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A primer on the proposed casino legislation in Japan

Japan is probably as close to legalizing casinos as it ever has.  While difficult to handicap the probability, - we will take flier and say 50% - what is clear is that if it happens it would be a big opportunity for the gaming operators awarded licenses.  In our universe, LVS and WYNN should be considered the front-runners.  The Japanese like to play slots so IGT, WMS, and BYI would certainly benefit from full-scale legalized gambling. 

A casino advisory group, comprised of legislators, will try to submit a Casino Act to the Diet when session resumes in February. If the bill has enough support, something could be passed as quickly as 6 months.  The chatter is that at least 100 legislators are in favor. At least 241 votes in the House of Representatives and 122 votes in the House of Councillors are needed for the bill to pass.

Japan Casino Act


What’s Been Proposed:

Drafted by representative Koga, chairman of The General Assembly of International Sightseeing Industry Development Diet Member Association, and Mihara, the advisor of the Assembly, the preliminary Casino Act consists of 68 articles.  Under the Act, there will be two licensed casino sites and based on the performance of the first two sites, 8 more sites could be considered.  The national government will handle the selection procedure for the casino sites while the local governments will choose the operators, who would need to be licensed by the Casino Administration Organization—a division under the Cabinet.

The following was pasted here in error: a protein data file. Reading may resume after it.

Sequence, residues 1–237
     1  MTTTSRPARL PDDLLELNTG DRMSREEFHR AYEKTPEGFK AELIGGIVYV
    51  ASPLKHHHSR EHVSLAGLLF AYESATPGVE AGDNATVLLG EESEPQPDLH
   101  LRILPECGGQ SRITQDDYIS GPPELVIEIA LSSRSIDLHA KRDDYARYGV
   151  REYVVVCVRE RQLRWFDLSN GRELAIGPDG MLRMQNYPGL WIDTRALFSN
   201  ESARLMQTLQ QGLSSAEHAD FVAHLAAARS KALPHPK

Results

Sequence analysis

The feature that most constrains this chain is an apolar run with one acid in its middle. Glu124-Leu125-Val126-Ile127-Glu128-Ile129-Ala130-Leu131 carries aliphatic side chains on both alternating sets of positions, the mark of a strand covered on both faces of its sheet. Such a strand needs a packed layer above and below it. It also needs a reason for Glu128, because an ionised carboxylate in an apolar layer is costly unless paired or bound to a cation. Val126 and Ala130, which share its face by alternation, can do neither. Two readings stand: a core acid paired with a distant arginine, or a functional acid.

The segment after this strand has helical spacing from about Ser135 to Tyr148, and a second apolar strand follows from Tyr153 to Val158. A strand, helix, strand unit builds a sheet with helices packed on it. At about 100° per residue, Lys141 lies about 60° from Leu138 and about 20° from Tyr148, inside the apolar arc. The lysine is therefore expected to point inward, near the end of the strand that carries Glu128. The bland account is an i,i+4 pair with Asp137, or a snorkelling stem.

Currently, the bill does not address the repeal of Articles 185 and 186 of the Penal Code which prohibits most forms of gambling. The only legal forms of gambling are horse, speedboat, bicycle racing, and lotteries.

Who’s Interested:

In the past six months, prefectures from Tokyo, Okinawa, Nagasaki, Osaka, Wakayama, Kanagawa, Chiba, Miyagi, Akita and Hokkaido have expressed interest in establishing a casino.  LVS, who has expressed the most interest in Japan among the overseas operators, believes the two IRs will reside in Tokyo and Osaka, with a bunch of smaller casinos in places such as Okinawa and other suburban areas around Japan. LVS thinks if a bill is successful, a tender will be offered in 2012 and a casino could open by 2015. WYNN could also be in the mix since its largest shareholder and President of Japanese pachinko machine maker Universal Entertainment and also of Azure Gaming, Kazuo Okada, had stated that he along with WYNN would submit a joint bid to operate casinos in Japan once it is possible.  Another Japanese company that would bid is Maruhan Corporation, the nation's largest operator of pachinko parlors and a partner in the Ponte 16 casino.

What’s the Opportunity:

In a White Paper released by the Japan Productivity Center, as of FY-end March 2010, there were 17.2 million pachinko players in Japan. Annual gross wagers hit $245.4 billion, marking the 6th consecutive year of declines after Regulation 5 was implemented which effectively decreased the volatility of the pachislot machines to make them less "slot" like. Estimated gaming revenues reached close to $30 billion in FY 2010.  According to economist Takashi Kadokura, the Tokyo Metropolitan Government may place a 20% gaming tax on the casino's gross sales, a 5% consumption tax on gross sales, and a 30% corporate tax on net profit.